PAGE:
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The Island of Hawaii, most often referred to as the “Big Island,” offers a little bit of what each of the islands in the archipelago boasts, including everything from cascading falls and colorful flowers to long, white sandy beaches and lush rainforest. As the largest island by far, with 4,028 square miles of terrain, it can difficult to decide which places to visit, but this list will give you a good head start.
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This paradise-like valley on the northeast coast of the island has been described as a kind of “Shangri La,” practically cut off from the outside world. The valley dissects the Kohala Mountains, and is difficult to reach due to the powerful waves on one side, and steep cliffs on the three landward sides. You can view it from the coastal Waipio Valley Overlook at the end of the Hamakua Heritage Corridor Drive, or, hike, take a horseback ride or guided tour to explore its hidden wonders like the long black sand beach where the valley meets the sea.
At Hawaii Volcanoes National Park, you’ll be mesmerized with the landscape that changes right before your very eyes. Home to Kilauea volcano, one of the most active volcanoes in the world, this is your opportunity to watch the primal process of creation and destruction as well as to learn more about how the Hawaiian Islands were formed. It encompasses some 330,000 acres, from the summit of Maunaloa to the sea, with 150 miles of hiking trails that wind through rainforests, desert terrain and volcanic craters. It also boasts a walk-in lava tube, a museum and petroglyphs. After taking in a gorgeous sunset, or sunrise for that matter, visit Jaggar Museum at the edge of Kīlauea Volcano to marvel at how the summit lava lake lights up the night sky.
Pure Kona coffee is relatively rare as it’s exclusively grown in north and south Kona, right here on the Big Island. The high elevation, constant cloud cover and rich volcanic soil found in its upland slopes create the ideal environment for harvesting this unique Hawaiian coffee bean. While there are countless coffee farms here, Kona Coffee Living History Farm provides one of the best visitor experiences, offering the chance to learn about locally grown coffee as well as sample lush Hawaiian fruits like guavas, passion fruit and Kona oranges.
While there are “swim with dolphin tours” on the Big Island, those options can be harmful to the animals as well as incredibly pricey. If you’re a strong swimmer, head to Kehena Beach on the east side of the island where you can stand on the cliffs above and watch for the wild pod of dolphins that frequently swim by the rocks. Take the steep trek down to the hidden, black sand beach and jump in. There’s a good chance of meeting up with the dolphins here on your own, again, provided that you’re good shape, as the waves here can be get rough.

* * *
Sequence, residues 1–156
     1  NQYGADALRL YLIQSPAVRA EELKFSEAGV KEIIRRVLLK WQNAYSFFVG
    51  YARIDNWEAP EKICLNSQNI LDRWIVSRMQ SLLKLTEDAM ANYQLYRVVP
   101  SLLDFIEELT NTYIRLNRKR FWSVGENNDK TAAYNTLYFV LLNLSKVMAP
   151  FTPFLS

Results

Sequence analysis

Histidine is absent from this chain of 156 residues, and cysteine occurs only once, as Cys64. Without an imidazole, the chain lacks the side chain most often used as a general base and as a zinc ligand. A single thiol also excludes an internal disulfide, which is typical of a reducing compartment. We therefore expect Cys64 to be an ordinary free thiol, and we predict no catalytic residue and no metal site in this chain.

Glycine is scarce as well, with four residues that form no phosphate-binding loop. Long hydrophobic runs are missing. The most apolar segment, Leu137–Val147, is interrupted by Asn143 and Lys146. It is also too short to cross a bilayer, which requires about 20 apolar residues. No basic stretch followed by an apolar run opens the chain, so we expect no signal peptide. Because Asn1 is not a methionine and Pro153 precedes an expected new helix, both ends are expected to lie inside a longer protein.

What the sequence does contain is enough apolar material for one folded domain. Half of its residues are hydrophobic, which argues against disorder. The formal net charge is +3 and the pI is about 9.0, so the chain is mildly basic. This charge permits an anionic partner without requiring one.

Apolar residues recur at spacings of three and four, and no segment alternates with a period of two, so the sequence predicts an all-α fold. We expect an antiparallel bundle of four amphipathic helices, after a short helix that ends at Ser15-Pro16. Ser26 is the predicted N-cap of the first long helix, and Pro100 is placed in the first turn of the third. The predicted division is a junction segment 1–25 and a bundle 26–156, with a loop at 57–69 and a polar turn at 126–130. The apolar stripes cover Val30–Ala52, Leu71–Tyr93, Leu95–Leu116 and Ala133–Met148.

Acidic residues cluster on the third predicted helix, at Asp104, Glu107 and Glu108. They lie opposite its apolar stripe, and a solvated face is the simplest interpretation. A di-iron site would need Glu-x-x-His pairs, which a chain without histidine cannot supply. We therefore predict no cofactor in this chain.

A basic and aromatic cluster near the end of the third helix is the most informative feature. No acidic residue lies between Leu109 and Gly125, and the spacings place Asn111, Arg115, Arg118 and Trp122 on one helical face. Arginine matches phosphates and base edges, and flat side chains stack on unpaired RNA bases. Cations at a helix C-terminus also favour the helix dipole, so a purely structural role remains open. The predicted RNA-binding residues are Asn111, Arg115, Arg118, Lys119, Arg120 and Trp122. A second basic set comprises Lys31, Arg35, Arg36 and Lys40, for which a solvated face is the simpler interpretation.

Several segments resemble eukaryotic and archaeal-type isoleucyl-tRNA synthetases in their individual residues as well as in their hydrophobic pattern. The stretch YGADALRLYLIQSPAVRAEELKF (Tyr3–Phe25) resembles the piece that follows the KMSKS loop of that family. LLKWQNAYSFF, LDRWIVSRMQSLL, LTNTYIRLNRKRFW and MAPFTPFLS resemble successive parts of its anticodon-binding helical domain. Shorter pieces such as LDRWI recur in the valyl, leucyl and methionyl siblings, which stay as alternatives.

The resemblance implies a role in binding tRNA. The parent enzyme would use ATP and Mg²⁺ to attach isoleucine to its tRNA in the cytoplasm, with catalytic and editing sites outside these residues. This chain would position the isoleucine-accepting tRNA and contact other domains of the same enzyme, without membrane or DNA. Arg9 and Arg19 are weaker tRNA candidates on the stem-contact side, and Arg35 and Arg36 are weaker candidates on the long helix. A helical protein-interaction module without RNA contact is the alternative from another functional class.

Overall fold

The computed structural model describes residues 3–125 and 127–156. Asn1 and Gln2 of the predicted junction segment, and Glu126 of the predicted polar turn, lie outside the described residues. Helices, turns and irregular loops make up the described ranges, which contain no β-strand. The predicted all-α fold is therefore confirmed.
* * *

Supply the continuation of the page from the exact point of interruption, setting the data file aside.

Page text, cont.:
One of the best open markets in all of Hawaii, the Hilo Farmers Market hosts over 200 vendors that gather here every week to hawk seafood, produce, clothing, crafts and more. It draws a mix of locals and visitors seeking everything from typical Hawaiian products like bananas, pineapples and papayas to more unique items like bongo drums and jaboticaba. There is an especially colorful selection of locally grown exotic fruits and vegetables as well as macadamia nuts, island jams and jellies, delectable baked goods, large buckets of orchids and anthuriums. Arrive early for the best choices, and don’t be afraid to bargain.
History and culture lovers will appreciate a visit to Pu’uhonua O Honaunau National Historical Park, a 180-acre national historic park that was once the home of royal grounds and a place of refuge from the death penalty for ancient Hawaiian lawbreakers. It boasts picturesque palm-lined beaches, wooden carvings, a huge lava rock wall and reconstructed villages. You can also view the many ki’i, or carved wooden images, that surround the temple and house the bones of the chiefs.
This small, historic town is often referred to as Hawaii’s “biggest little town.” It was once the busy hub of the sugar industry in North Kohala, and today, the colorful vintage buildings lined along the streets serve as restaurants, cafes, boutiques and art galleries that make it fun to wander through. The Hawi Gallery is a must-visit with a fascinating collection that includes everything from ukuleles to a Cuban model made from a cigar box.
Kealakekua Bay is one of the top spots for snorkeling on the island. It can be accessed by taking a boat tour, via kayak or with a rather challenging hike. Once you’re there, you’ll find calm, clear waters, a host of tropical fish, lots of coral and often, spinner dolphins. This is also an important historical location as the place Captain James Cook landed on Hawaii and was later killed by the natives.
If you want to enjoy a night or two camping under the stars, Laupahoehoe is an ideal spot to pitch a tent. Situated on a peninsula on the northern coast, this scenic beach is covered with black lava, and provides jaw-dropping vistas for every camper. The lava rocks along the shoreline make a striking contrast against the deep blue waters of the Pacific, and on a sunny day, you’ll see the ocean transformed into an especially intense blue shade.
Don’t miss taking a drive to visit the Kalapana Lava Refuge after dark. This is when you can witness the active lava light up the night’s sky. Getting so close to an active volcano is an experience few can say they’ve ever had.